The Major League Baseball Players Association paid $3.5 million in legal fees last year, with Winston & Strawn taking the largest share, as the union sought to resolve a labor dispute threatening the 2022 baseball season.
Winston & Strawn, a longtime legal adviser to baseball players and their brethren in other sports, collected more than $2.2 million for handling grievance and salary arbitration work. The fees were more than a five-fold increase over the $386,100 the firm billed the New York-based union in 2020.
The bulk of the union’s 2021 legal work was tied to a collective bargaining agreement the league and players agreed upon last month. The dispute came after the league shortened the 2020 season due to the coronavirus pandemic and a prior labor deal between both parties expired Dec. 1.
Labor Secretary Marty Walsh offered to help players and the league, whose commissioner is former Morgan, Lewis & Bockius labor litigator Robert Manfred Jr. Former partners at Proskauer Rose and Weil, Gotshal & Manges brokered the agreement that ended the 99-day lockout, allowing the season to start April 7.
Weil, the former law firm of the union’s current senior director of collective bargaining and legal Bruce Meyer, received nearly $43,700 last year to provide outside counsel on corporate matters. Jeffrey Kessler, Winston’s co-executive chairman, previously worked with Meyer at Weil.
Meyer himself was paid more than $1 million in total compensation, according to the LM-2 financial statement filed by the union March 31 with the Labor Department.
The union’s current leader is former player Anthony “Tony” Clark, who received nearly $2.3 million in total compensation last year. General counsel Ian Penny, who took on his role in 2017 and worked closely with Meyer on the most recent round of labor negotiations, was paid nearly $684,300.
Other large firms on the union’s payroll last year were Zuckerman Spaeder ($119,900); Sidley Austin ($71,000); Nixon Peabody ($11,000); and Norton Rose Fulbright ($7,800). Labor-focused firms Bredhoff & Kaiser and Cohen, Weiss & Simon received about $76,000 and $44,000, respectively.
Louis Melendez, a lawyer and former league executive who now serves as a consultant to the union, was paid nearly $122,000 to advise on international legal issues. Melendez, who spent almost three decades with the league prior to retiring in 2012, has been a longtime liaison to other baseball leagues abroad.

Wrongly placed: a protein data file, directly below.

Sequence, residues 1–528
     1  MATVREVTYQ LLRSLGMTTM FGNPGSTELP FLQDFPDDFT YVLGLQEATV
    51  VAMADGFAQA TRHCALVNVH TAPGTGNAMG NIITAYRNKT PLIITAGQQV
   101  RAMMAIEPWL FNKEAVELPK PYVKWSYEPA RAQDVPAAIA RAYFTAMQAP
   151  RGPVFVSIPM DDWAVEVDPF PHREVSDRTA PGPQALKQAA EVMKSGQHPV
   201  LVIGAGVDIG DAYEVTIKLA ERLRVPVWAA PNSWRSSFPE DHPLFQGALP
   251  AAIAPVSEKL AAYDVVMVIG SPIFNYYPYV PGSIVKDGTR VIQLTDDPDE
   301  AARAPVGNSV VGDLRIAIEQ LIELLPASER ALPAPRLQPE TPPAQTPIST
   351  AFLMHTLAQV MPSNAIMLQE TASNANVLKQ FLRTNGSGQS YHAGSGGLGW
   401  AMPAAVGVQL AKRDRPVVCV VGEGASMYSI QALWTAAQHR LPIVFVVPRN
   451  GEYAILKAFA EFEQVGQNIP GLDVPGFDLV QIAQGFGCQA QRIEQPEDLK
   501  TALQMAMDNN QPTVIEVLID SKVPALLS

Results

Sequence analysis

Union Legal Fees
The legal fees paid by the union in 2021—tallied by Bloomberg Law from line items in its LM-2 filing—only include disbursements for “legal counsel” given to law, public policy, or consulting firms.
The union also paid dozens of other service providers and arbitrators who advised on or presided over matters related to baseball’s unique form of dispute resolution between players and management for the league’s 30 franchises.
Jeff Fannell & Associates, a Bordentown, N.J.-based firm led by a former in-house lawyer for the union that handles salary arbitration work, was paid $230,600 last year.
Altshuler & Berzon, which has frequently represented players in litigation, received more than $201,000. The San Francisco-based firm also represents the MLB Umpires Association, which in a separate financial statement filed in January disclosed that it paid more than $313,200 to Altshuler & Berzon last year.
The union also paid almost $88,670 to Boston-based Hemenway & Barnes; $40,200 to Hackettstown, N.J.-based Margolin & Neuner; $24,500 to Washington’s Groom Law Group; $20,000 to Pittsburgh-based Reisinger Comber & Miller; $16,500 to Portland, Me.-based Global Sports Advocates LLC; $15,000 to Dominican lawyer Paola Mañón Taveras; and $6,600 to Coral Gables, Fla.-based Kurzban Kurzban Tetzeli & Pratt.
Name partner Ira Kurzban has previously provided immigration law counsel to the union, while Margolin & Neuner’s founding partner Diane Margolin is the widow of the union’s late executive director Michael Weiner.
Other expenditures included more than $76,800 paid to OSKR LLC, an Emeryville, Calif.-based outfit structured as a law firm that provides economic analysis for complex litigation, as well as more than $12,300 to management advisory firm FTI Consulting Inc. The union also paid almost $132,300 to Washington-based lobbying firm Elevate Government Affairs LLC to advise on legislative affairs.
The union’s longtime deputy general counsel, Matthew Nussbaum, received more than $657,100 last year. The union also paid more than $35,500 to former deputy general counsel Heather Chase, who now holds the same role at its for-profit arm MLB Players Inc., which within the past year has built out its own legal staff.
Other in-house lawyers on the union’s payroll include assistant general counsel Hiram Arnaud, Robert Guerra, Robert Lenaghan, and Jeffrey Perconte, as well as director of analytics and baseball operations Gregory Dreyfuss and associate counsel for baseball operations John “Jack” Sexton.